After three days in police custody in Cameroon, two gay men were released yesterday, but their daily life remains a nightmare.
“I’m upset and depressed. Because of what has happened to us [an attack by a gay-bashing crowd, death threats, police detention], I am more and more stressed. I fear that tomorrow morning our lifeless bodies will be found on a street in Yaoundé,” says Jonas Singa Kumie.
His longtime friend, Franky Djome, with whom he was imprisoned for homosexuality starting in 2011, feels “half dead.”
“Words fail me” he says in a low voice. “We’re in a living hell.”
After three days in custody at the Emombo police station in Yaoundé, the two men were released at about 7 p.m. March 27 from a court in Ekounou, where they had been hidden from their attackers. On March 24, wearing feminine attire, the two young men had been attacked in a local marketplace, sought help from police and were arrested. Eventually the public prosecutor asked that the pair be released after they spent time in hiding in a room away from curiosity seekers and homophobes.
Djome says worriedly, “If people accost us like that at the market, what will happen to us in our neighborhood or on the street?” He adds:
We will never go shopping again. We will never go out again. Every time we stick our noses out, we are insulted and plotted against. People throw banana peels and rocks at us. They spit on us. What have we done? Are we not human beings like everyone else?
Every day, we receive death threats. We live in total insecurity. Recently, the guys from our neighborhood threatened us, saying they would rape us, then kill us. They do and say all that publicly and nothing happens to them. Others think we should be killed — hanged. They think queers like us don’t deserve to be allowed to live in Cameroon.
A woman who was injured in the March 24 brawl wrote a letter withdrawing her complaint against the pair, but they were still forced to spend a third night at the Emombo police station. If they wanted to released immediately, the police commander said, they would need to pay the prosecutor’s office 100,000 CFA (about $195 or 152 euros), a sum that could not be raised by the young men, their families, or the men’s mediators from the human rights group Cameroonian Association Foundation For AIDS (CAMFAIDS).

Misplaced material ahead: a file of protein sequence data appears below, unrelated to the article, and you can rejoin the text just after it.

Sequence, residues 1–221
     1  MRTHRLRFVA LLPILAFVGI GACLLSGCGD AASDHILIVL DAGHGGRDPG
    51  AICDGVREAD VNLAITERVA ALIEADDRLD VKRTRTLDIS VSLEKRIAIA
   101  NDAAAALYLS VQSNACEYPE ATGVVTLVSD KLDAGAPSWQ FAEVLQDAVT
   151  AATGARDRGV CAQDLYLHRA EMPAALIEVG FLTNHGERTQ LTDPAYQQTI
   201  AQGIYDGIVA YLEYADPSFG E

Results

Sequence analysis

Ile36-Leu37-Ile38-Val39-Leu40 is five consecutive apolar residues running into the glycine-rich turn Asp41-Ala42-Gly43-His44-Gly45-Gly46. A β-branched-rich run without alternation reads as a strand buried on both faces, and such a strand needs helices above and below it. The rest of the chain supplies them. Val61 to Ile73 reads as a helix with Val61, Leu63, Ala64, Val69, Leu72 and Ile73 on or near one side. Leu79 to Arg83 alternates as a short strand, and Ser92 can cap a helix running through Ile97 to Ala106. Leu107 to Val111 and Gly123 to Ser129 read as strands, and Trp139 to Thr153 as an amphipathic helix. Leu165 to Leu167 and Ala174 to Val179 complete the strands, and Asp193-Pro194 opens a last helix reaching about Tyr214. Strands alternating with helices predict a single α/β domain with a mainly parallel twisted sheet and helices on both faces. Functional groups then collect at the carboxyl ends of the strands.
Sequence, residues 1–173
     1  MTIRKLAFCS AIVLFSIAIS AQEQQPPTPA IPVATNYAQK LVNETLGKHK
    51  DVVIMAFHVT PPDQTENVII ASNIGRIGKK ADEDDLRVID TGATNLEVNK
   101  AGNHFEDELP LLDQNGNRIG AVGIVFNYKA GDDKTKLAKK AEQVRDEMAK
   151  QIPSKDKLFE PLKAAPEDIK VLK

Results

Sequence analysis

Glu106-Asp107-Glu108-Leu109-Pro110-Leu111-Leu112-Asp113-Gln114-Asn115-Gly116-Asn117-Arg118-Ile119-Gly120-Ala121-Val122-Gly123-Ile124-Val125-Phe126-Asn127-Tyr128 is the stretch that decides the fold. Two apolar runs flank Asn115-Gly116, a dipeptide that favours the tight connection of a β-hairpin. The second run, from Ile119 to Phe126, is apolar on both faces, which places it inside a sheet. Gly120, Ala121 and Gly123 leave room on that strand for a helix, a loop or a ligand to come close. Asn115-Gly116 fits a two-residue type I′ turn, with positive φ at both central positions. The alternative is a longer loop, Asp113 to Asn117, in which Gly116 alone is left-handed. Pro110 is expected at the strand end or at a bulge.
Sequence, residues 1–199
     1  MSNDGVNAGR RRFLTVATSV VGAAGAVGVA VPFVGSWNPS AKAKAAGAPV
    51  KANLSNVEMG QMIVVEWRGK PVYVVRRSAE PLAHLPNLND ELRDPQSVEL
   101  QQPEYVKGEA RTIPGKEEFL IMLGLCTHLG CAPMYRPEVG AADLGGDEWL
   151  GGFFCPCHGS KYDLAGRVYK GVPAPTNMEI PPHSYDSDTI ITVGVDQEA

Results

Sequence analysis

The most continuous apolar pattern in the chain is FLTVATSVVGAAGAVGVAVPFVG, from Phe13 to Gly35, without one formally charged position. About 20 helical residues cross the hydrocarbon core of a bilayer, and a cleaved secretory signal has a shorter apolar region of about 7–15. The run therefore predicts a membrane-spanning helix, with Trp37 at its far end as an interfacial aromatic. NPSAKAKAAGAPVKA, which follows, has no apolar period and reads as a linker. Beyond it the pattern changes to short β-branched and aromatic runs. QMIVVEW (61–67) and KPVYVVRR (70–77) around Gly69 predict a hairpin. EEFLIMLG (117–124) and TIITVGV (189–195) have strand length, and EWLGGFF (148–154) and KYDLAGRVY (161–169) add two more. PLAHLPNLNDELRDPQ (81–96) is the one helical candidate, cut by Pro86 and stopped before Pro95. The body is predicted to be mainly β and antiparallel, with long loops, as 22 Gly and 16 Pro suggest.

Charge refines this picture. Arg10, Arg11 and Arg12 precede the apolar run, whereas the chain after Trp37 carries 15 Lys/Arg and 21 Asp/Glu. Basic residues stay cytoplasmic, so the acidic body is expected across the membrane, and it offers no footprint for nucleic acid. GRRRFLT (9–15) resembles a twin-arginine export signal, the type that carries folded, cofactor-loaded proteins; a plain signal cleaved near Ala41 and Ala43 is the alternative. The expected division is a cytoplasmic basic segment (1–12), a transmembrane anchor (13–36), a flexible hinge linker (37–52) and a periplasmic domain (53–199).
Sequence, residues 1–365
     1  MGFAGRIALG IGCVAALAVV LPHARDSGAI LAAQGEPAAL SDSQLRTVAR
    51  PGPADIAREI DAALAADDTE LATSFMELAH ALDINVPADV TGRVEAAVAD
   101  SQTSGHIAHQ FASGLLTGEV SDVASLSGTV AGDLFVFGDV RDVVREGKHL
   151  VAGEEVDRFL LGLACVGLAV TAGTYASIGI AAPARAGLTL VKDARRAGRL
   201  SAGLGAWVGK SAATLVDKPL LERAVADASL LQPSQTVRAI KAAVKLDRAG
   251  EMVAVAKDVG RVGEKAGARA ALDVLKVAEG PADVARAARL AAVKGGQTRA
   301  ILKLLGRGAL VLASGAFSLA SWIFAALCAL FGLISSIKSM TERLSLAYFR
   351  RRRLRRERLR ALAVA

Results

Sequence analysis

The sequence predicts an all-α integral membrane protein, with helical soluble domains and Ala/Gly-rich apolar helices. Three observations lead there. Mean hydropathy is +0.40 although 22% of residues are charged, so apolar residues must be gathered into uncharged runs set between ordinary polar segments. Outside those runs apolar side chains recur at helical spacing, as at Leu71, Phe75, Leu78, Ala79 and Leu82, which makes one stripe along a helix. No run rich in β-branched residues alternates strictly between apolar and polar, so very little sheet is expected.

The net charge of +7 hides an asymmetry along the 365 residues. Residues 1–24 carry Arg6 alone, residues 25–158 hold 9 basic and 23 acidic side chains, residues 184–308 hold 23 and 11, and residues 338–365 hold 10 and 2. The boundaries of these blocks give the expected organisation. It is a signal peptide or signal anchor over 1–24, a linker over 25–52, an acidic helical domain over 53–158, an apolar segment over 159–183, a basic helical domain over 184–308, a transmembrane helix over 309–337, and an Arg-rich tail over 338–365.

Michel Engama, CAMFAIDS mediator, said:
The next day, March 27, an assistant of Michel Togué, Jonas and Franky’s lawyer, arrived at about 10 a.m. to inquire about the case.
After lengthy discussion with the police commander and the investigating police officer, nothing had changed. The commander demanded the payment of 100,000 CFA in order not to refer Jonas and Franky to the public prosecutor, even though he had no complaints against them.
He felt that a proposed 20,000 CFA settlement [paid by Djome’s mother to the injured woman] for the release of the transgender pair was very inadequate.
Following the refusal of the commander, an email was sent to Togué in Geneva, who requested the intervention of the Ekounou prosecutor. The prosecutor knew both men well because of their 2011 conviction on homosexuality charges, their successful appeal, and their release in January 2013.
The prosecutor went to the police station at 1 p.m., summoned the police commander and told him to transfer Djome and Kumie to the Ekounou courthouse. An hour later, they were escorted through a hostile crowd and people who were curious to see the two “fags.”
Once they arrived at the courthouse, the prosecutor ordered that they be taken his office because a mob had already gathered at the courthouse entrance. Despite some grumblings from some of his obviously homophobic colleagues, the prosecutor kept the young men in his office until about 7 p.m. to allow the crowd to dissipate. They were then put in a taxi for their return home.
Even before the March 24 attack, Djome and Kumie had been the target of an assault at Mokolo, another popular market of Yaoundé. Kumie recalled:
When we walked by, shop keepers and other vendors screamed at us, saying that we should be lynched, hanged, killed.. A woman spat in my face. A dispute broke out. Vendors grabbed us and took our things. We had to duck into a small shop to avoid being lynched. Without the help of security guards, we wouldn’t have gotten away.
— Eric O. LEMBEMBE